Connecting Columbia Union Seventh-day Adventists
- This Month's Issue
That the legacy of Lucy Byard—who in 1943 was denied care from the Washington Sanitarium (now Washington Adventist Hospital) because she was African-American—would find such a generative expression in the successor to the hospital that failed to treat her is both appropriate and an indication of how her experience has shaped our history.
In ‘Memories of My Grandmother,’ Lucille Byrd (sic),” published in the North American Informant, Lucy Byard’s step-granddaughter, Naomi R. Allen, wrote that Lucy “was a strong, energetic church worker.
Download the March 2019 Visitor and see web-exclusive articles here!
Want to learn more of the history (than we share in the March 2019 issue) surrounding the Lucy Byard incident? See more historical photos and letters sent between the Washington Sanitarium and the Seventh-day Adventist Church executives regarding Byard’s incident.
75 years after Lucy Byard, Regional Conferences maintain focus on the marginalized
News of Lucy Byard’s death sent shock waves through the Seventh-day Adventist Church, especially among its 16,000 African-American members. How did it lead to the creation of regional conferences?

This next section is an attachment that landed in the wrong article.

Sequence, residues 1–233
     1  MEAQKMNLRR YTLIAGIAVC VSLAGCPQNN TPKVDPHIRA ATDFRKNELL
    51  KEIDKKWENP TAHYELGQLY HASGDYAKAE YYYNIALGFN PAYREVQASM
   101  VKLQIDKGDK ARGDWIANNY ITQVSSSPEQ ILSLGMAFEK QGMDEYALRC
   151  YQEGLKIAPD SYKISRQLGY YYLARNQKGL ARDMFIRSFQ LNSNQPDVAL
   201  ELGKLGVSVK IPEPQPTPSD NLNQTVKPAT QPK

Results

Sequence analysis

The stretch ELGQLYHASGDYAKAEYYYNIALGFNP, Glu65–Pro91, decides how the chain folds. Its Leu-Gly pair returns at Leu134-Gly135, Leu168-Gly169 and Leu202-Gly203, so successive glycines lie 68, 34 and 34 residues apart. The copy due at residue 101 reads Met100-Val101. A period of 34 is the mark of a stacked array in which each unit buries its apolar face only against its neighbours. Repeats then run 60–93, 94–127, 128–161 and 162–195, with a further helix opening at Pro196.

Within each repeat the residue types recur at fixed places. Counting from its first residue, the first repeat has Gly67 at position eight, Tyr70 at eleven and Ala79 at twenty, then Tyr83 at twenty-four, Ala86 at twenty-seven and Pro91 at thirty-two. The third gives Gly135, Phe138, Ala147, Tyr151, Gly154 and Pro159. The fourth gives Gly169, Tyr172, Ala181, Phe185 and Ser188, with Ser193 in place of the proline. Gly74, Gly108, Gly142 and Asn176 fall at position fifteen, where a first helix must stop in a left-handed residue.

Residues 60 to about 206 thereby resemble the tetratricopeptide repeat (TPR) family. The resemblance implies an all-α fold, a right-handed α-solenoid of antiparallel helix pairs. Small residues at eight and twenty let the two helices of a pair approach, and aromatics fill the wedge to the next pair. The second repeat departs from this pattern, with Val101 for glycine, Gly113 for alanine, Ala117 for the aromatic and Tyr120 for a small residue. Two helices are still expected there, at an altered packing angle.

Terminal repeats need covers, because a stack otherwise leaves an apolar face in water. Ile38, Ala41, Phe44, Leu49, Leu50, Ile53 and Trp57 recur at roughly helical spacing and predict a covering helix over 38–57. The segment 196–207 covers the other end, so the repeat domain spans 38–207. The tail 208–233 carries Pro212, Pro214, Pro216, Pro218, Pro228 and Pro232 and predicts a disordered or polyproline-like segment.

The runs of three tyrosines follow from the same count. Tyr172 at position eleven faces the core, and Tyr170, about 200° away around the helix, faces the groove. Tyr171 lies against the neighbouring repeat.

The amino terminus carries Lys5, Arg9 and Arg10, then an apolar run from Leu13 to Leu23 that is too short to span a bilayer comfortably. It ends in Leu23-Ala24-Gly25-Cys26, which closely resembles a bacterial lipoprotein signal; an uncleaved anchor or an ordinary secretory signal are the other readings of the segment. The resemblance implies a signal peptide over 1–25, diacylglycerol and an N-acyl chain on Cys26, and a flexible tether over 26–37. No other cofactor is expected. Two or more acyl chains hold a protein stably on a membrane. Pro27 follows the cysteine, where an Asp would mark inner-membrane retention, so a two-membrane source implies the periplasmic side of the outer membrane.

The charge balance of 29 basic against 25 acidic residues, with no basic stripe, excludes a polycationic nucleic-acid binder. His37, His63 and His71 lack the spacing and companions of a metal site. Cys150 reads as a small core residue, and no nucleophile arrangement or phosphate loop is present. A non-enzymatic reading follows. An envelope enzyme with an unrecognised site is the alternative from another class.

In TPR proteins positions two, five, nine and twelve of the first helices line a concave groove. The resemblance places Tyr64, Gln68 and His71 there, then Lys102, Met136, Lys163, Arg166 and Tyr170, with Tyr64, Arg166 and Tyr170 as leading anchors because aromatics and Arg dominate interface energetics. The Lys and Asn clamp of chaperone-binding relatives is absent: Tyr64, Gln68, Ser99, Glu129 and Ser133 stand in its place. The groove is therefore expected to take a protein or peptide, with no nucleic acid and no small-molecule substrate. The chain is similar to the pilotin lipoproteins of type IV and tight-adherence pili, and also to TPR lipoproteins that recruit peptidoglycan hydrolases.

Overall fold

Lucy Byard is one of the most pivotal figures in the history of the Seventh-day Adventist Church. Yet many have never heard of her, or have just heard her name in passing as the casualty of a tragic event somewhere in the safely distant past.
Charles Tapp, senior pastor of Potomac Conference's Sligo church, shares short messages in Keys to Practical Living, a CD of short messages from Sligo's radio ministry on WGTS 91.9.
"We want families to know that despite the fact that developing healthy family relationships is not a simple or easy task, it is possible through the grace and power of God. There is hope for today’s families."
Download our January/February 2019 Sunset Calendar here.